NEW DELHI: Indian Prime Minister Narendra Modi and Chinese President Xi Jinping agreed on the need to resolve a decades-old border dispute during talks before the BRICS (Brazil, Russia, India, China, and South Africa) summit in Brazil, a statement said Tuesday.
The leaders also pledged to strengthen trade and diplomatic ties during the 80-minute meeting in Fortaleza, their first since nationalist hardliner Modi won landslide elections in May.
“Both sides emphasised on the need to find a solution to the Boundary Question,” the Indian government said in a statement in New Delhi.
“The Prime Minister stressed the importance of strengthening mutual trust and confidence, and maintaining peace and tranquility on the border. “Modi said in a tweet he had “a very fruitful meeting” with Xi and they had discussed a wide range of issues.
Ties between the nuclear-armed giants have long been soured by border disputes and competition for influence in their neighbourhood.
Soon after coming to power, Modi invited Xi to visit India later this year, while China’s foreign minister has travelled to Delhi for talks with the prime minister.
Leaders of the BRICS group of emerging powers are to meet Tuesday in Fortaleza to launch a new development bank and a reserve fund seen as counterweights to Western-led financial institutions.
During the bilateral talks, Modi accepted Xi’s invitation to visit Beijing later this year, Indian foreign ministry spokesman Syed Akbaruddin said.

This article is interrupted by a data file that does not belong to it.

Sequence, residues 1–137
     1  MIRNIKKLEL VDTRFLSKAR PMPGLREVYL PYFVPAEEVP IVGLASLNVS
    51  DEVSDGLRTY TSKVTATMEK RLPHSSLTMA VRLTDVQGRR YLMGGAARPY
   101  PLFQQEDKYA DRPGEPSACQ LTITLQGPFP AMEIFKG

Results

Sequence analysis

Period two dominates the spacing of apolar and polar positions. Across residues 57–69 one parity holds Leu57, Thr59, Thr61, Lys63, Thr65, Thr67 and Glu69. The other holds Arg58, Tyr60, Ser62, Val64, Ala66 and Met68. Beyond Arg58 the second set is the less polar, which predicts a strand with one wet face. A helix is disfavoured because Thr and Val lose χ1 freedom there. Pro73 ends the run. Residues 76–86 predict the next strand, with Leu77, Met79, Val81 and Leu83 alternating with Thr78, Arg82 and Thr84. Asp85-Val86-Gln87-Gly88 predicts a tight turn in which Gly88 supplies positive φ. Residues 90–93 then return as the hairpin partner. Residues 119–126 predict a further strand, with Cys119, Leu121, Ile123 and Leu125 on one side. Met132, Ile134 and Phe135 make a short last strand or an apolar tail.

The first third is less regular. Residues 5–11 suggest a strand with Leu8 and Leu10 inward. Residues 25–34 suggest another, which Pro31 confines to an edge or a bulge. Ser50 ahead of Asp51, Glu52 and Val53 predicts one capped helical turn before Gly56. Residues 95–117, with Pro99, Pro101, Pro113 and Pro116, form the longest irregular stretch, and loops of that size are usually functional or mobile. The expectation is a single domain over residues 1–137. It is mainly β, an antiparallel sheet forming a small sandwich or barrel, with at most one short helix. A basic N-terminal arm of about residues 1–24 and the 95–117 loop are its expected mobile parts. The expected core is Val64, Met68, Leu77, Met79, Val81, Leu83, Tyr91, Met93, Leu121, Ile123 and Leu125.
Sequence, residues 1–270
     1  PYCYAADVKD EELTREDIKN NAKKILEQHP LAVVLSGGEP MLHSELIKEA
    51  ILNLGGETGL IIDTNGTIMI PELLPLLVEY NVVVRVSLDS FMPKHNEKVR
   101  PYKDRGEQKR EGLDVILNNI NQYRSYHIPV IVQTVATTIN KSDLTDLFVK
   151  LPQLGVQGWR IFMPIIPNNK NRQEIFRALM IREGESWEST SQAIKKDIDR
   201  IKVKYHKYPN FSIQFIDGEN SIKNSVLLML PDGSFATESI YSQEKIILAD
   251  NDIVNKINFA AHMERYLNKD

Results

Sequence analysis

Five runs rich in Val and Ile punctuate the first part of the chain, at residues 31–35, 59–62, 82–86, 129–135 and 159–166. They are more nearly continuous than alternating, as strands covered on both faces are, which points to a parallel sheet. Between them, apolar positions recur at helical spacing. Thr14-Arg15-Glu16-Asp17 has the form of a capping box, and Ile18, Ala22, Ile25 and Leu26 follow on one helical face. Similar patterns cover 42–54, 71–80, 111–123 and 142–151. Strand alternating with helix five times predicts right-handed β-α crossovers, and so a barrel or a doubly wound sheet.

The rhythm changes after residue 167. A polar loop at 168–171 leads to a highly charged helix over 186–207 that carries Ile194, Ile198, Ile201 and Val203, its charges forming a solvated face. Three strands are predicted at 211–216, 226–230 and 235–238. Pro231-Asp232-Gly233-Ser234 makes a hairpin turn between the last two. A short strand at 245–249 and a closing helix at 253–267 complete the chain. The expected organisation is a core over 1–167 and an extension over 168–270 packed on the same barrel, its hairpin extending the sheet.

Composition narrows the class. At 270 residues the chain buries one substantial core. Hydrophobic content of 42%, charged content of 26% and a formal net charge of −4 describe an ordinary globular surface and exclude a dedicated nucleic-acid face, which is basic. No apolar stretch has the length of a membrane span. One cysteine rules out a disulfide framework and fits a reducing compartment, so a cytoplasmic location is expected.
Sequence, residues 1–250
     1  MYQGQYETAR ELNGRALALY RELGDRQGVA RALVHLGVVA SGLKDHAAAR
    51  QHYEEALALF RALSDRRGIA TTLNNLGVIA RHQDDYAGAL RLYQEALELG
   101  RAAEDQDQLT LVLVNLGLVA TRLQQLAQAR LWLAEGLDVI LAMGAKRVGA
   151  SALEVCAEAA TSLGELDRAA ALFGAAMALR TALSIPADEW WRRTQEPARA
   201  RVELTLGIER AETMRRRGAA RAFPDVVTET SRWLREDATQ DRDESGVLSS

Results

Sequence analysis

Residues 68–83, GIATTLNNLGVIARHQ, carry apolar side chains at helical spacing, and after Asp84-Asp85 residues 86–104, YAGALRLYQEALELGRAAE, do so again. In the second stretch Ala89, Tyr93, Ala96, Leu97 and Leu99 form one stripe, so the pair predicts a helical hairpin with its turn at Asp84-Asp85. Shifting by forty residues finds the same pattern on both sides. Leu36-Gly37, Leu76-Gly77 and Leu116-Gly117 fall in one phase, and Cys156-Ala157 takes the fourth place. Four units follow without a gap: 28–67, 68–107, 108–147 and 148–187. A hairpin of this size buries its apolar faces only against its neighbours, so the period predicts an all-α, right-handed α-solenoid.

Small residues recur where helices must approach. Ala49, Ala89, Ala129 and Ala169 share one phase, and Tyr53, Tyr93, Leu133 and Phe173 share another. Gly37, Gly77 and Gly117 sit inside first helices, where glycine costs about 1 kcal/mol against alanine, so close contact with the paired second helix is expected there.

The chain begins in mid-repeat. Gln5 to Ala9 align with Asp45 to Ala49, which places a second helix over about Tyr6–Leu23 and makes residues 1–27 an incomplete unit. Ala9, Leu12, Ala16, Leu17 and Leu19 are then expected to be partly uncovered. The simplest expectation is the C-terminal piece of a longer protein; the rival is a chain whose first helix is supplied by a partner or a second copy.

Xi also invited Modi to attend the Asia Pacific Economic Cooperation forum in Beijing in November, although India is not a member, Akbaruddin told reporters in Fortaleza, in a briefing shown on Indian TV.
Modi stressed the need to address a trade imbalance between the two countries, which is heavily skewed in China’s favour.
Modi, whose new government has pledged to boost road, rail and port projects, called for enhanced Chinese investment in Indian infrastructure, the Delhi statement said.
Xi agreed the need for balanced trade and said “enhanced services exports from India to China could be one way to address the issue”.
China is India’s biggest trading partner.
But relations are still dogged by mutual suspicion — a legacy of a brief but bloody war in 1962 over the Indian state of Arunachal Pradesh in the eastern Himalayas that China claims as its own.